This one is mostly in response to a comment I got on Facebook about how hard it is to allow your kids to roam the neighborhood or walk to school when there are so few other children around. I absolutely agree. When I was young and walked back and forth to school without my parents, I was always in a crowd of at least ten kids. And we ranged in age from kindergarten to sixth grade. That is definitely not the case today, especially in our neighborhood. There are simply fewer kids and then fewer of those use the public schools and fewer and fewer of those walk.
Which I find rather ironic, considering the relative danger of walking to school (even totally alone) versus driving in a car. In fact, just the other day Braedan asked me about the most dangerous thing I’d ever done. I paused, wondering if I should say jumping out of an airplane or testifying against a drive-by (actually bike-by) shooter in Compton or running alone in Mexico (all things I’ve done and all undoubtedly dangerous). And then the answer jumped out at me, of course: “Driving in a car.”
I think you can sum up our different generational attitudes on safety and how we welcome (or shun) freedom by looking at porches on houses: Old houses have grand front porches that span the entire length of the house, where people would gather and neighbors were welcome and any old lady who was out working on her flowers or having her morning coffee, could watch the children as they walked past on their way to school. Now, on newer houses, we build back decks, usually behind tall fences, facing away from the street, away from anyone you don’t already know.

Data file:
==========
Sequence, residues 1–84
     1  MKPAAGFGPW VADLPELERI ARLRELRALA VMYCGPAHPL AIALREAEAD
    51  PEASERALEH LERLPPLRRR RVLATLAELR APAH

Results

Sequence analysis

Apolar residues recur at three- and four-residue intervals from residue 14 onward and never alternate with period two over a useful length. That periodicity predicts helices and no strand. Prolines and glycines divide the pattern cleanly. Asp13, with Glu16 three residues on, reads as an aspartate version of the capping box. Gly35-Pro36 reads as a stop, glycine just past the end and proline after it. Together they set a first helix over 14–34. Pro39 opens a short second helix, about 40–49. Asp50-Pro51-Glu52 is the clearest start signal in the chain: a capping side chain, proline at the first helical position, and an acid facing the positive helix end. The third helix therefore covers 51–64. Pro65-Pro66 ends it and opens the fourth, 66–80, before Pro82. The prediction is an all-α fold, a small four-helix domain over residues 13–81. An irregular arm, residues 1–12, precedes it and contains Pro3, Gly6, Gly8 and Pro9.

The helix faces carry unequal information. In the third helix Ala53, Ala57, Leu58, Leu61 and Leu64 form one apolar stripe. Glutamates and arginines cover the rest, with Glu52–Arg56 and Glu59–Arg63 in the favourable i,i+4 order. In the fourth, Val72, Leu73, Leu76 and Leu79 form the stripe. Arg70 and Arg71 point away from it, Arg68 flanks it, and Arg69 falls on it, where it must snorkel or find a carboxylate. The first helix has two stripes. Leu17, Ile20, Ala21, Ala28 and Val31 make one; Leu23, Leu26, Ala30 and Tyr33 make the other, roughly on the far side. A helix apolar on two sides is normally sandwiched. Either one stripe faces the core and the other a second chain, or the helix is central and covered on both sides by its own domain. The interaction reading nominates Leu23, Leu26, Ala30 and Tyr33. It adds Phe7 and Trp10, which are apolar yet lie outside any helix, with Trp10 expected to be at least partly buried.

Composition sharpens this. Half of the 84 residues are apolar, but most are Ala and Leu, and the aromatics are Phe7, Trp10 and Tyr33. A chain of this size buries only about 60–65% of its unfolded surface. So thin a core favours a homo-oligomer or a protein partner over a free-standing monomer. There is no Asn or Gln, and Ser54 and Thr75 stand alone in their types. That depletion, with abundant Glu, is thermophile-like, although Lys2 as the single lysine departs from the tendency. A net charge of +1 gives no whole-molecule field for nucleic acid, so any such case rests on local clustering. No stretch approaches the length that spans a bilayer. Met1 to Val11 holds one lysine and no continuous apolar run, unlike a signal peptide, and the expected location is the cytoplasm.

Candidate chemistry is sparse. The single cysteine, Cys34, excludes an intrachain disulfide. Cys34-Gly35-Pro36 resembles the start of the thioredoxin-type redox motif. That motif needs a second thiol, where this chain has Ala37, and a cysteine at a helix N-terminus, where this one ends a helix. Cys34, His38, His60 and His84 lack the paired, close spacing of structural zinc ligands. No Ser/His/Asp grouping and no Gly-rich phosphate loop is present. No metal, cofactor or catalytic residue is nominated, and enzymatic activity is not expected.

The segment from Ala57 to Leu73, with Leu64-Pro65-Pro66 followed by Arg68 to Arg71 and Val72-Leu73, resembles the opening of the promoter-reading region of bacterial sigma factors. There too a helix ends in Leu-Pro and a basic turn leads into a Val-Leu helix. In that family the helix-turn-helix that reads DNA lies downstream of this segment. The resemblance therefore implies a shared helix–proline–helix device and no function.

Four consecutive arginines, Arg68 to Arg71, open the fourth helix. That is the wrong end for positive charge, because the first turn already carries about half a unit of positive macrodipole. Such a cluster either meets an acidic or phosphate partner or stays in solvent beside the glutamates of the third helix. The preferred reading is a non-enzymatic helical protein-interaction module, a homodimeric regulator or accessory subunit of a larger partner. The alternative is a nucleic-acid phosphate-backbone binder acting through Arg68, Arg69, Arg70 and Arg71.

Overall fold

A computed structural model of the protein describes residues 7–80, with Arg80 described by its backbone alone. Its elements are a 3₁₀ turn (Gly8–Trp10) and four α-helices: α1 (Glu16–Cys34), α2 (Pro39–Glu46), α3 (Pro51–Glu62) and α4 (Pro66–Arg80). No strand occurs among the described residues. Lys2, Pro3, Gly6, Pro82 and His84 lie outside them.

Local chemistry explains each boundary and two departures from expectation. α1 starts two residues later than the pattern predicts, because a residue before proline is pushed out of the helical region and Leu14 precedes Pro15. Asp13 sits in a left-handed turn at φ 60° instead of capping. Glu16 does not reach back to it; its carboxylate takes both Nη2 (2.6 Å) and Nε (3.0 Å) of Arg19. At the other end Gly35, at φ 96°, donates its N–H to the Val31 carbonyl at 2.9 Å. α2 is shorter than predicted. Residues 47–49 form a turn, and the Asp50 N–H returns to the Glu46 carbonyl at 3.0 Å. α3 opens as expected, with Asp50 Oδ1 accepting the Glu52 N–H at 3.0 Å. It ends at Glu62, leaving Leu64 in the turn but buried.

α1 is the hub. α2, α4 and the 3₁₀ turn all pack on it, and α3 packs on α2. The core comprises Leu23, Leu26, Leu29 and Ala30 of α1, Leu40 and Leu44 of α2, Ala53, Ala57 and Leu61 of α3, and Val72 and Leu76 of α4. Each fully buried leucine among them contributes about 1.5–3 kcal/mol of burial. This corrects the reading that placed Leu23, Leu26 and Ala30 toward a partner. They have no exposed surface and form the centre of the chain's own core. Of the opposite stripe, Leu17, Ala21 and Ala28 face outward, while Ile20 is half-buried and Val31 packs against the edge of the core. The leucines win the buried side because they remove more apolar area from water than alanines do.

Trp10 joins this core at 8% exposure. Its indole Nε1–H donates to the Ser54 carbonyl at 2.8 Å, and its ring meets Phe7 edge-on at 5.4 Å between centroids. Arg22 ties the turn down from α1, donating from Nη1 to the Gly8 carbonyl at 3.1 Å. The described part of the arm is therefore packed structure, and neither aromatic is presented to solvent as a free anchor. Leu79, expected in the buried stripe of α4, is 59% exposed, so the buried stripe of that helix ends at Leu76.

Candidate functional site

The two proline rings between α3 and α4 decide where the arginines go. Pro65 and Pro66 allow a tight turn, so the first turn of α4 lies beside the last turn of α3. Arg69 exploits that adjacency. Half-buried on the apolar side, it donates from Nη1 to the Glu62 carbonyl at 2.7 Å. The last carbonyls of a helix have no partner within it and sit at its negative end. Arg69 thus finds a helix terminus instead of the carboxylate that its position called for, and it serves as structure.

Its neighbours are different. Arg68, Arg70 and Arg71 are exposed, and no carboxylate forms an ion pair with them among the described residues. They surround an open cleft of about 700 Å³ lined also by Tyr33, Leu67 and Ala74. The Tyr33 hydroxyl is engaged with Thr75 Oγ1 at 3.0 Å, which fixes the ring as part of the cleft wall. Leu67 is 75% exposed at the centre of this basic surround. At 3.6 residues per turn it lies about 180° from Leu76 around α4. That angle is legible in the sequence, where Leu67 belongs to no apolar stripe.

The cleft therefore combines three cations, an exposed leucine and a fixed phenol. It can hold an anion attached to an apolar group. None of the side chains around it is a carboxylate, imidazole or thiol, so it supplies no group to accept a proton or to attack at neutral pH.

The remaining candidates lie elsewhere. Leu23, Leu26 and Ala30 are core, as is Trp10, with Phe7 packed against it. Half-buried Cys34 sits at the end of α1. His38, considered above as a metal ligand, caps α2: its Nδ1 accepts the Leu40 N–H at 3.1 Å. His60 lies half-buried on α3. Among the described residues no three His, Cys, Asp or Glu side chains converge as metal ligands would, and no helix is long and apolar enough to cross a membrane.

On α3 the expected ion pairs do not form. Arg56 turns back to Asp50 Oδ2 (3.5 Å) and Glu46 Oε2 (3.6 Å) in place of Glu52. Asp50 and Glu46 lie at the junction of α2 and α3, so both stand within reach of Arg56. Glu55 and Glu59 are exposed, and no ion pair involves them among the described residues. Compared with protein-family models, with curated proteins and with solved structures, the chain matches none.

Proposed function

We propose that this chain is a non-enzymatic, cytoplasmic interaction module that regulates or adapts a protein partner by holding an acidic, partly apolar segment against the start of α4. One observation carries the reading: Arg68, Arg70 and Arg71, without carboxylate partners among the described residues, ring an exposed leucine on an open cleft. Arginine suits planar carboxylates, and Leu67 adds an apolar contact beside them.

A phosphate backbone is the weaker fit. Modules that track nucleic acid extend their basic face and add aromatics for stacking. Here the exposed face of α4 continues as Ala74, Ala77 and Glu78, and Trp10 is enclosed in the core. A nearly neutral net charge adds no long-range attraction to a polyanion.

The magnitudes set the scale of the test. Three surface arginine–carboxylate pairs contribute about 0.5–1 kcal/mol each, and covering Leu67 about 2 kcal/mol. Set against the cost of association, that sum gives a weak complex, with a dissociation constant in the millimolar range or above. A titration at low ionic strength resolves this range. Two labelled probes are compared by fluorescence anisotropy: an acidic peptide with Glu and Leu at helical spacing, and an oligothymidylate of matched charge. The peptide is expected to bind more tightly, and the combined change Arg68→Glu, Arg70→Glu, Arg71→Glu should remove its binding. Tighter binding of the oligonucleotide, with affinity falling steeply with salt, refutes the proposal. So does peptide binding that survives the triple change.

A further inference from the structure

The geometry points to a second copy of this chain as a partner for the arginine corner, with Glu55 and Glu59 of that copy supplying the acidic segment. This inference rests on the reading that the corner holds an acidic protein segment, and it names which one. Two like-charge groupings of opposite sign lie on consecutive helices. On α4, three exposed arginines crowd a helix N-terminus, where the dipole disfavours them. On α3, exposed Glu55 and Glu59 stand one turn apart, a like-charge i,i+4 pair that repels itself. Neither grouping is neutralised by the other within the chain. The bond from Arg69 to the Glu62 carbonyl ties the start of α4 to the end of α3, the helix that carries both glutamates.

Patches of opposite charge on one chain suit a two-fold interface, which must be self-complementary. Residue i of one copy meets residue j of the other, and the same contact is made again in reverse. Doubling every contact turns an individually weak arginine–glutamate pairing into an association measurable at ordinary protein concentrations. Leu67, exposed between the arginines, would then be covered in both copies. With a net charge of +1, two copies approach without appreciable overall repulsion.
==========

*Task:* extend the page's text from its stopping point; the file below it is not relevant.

Maybe we all need to spend more time out in the front.
And, on a completely unrelated note, if you’re around (and especially if you work there!), I’m giving a talk tomorrow in the Atrium at University Hospitals at 10 as part of the presentation of Hyundai’s Hope on Wheels. Feel free to stop by.